Central to this is the Catholic ethos and distinctive nature of our schools. Interestingly, in England around a quarter of pupils in Catholic schools are not Catholics and in Wales the figure is a third. As Baroness Warsi recognised in a recent speech, the provision of education is a major part of the Catholic church’s contribution to British society, part of a centuries-old tradition. We are proud to offer a well-rounded, high-quality education to almost 800,000 pupils and students in England and Wales: Catholics, members of other faiths and none.
Much the same can be said of the system in Scotland.
Does the system of Catholic schools promote sectarianism and bigotry, as is charged by critics? I do not believe so. There are always disputes between pupils of different schools – but this can be between schools and pupils of the same denomination, just a different blazer colour.
Do pupils from Catholic and non-denominational schools clash because of deep theological disputes about transubstantiation? Do pupils from the Catholic school taunt their non-denominational brethren over belief in pre-destination?
Instead the vast majority of religious bigotry in Scotland, and predominantly in the West of Scotland, is connected with the “religion” of football. The two temples of Celtic Park and Ibrox attract their congregation every two weeks, where the traditional “hymns” are sung.
It is of interest that the perception amongst some Rangers fans seems to be that all Celtic supporters are Catholics, and amongst some Celtic fans that all Rangers followers are Protestants. Whilst that historical backcloth can be draped over both teams, time moves on.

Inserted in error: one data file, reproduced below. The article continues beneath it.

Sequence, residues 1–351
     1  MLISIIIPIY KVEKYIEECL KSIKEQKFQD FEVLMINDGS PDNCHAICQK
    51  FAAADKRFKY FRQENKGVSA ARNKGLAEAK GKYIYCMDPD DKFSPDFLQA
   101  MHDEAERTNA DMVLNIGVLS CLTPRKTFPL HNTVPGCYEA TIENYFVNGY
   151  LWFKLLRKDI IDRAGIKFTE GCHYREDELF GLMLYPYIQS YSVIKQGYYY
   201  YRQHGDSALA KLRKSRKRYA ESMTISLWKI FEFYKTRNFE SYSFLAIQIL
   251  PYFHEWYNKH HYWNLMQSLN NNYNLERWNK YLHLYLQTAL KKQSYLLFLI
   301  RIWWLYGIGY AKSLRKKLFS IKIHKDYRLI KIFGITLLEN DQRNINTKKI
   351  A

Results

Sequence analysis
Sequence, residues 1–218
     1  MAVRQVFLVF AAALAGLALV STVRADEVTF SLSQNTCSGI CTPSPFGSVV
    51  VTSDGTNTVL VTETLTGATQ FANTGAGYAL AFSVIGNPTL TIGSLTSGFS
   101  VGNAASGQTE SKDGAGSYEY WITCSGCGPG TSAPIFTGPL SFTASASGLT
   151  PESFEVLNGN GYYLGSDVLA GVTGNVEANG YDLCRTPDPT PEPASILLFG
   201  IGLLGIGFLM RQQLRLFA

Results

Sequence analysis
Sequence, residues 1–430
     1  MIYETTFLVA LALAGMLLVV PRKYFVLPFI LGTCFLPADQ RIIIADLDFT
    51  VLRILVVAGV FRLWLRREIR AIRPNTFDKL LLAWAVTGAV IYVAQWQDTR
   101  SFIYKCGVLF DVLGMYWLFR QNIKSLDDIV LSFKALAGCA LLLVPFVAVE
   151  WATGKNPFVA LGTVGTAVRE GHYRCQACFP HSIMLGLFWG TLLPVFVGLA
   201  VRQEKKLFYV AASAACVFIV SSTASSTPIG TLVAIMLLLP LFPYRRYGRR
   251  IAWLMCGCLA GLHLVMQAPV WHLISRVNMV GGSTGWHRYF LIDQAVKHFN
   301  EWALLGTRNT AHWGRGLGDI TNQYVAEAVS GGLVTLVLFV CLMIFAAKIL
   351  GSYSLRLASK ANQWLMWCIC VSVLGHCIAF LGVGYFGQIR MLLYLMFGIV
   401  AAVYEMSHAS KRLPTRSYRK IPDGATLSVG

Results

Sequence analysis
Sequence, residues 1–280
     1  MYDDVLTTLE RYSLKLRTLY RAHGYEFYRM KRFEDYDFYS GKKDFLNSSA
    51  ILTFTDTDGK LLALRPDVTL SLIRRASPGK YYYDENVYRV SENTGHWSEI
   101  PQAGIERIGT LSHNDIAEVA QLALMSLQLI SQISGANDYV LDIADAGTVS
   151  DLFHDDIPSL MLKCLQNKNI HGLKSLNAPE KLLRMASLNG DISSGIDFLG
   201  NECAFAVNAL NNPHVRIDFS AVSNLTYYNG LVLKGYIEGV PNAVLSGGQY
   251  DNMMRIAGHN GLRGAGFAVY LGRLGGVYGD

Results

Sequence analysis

I would suggest though that most of the so-called inter-Christian violence and strife in Scotland is actually trouble between the two parts of what used to be called the “Old Firm”.
How many of those who attend each ground “religiously” also attend church or chapel? I suspect that most, on either side, of the ones who sing the loudest about the “enemy” are not sitting in their pew on a Sunday morning!
And whilst I do not claim to have carried out a detailed scientific survey, from reading contributions on the internet, those who frequent Rangers websites seem far more inclined to raise the issue of religion in a negative, disparaging and often insulting way about their perceived opponents, than other teams in reverse. I am sure that the percentage of non-Catholic Celtic supporters is much higher than that of Catholic Rangers fans.
This, when coupled with the overwhelming preponderance of Orange marches in the West of Scotland, over marches of any other type, suggests that the issues of sectarianism and bigotry, far from being fuelled by the education system, are in fact simply a function of people claiming labels for themselves and, as one vigorous Rangers supporting website states “Defending Our Traditions”.
Is this a blanket condemnation of the Orange Order and everyone in it? Of course not.
The purpose of the Orange Order can be summarised as: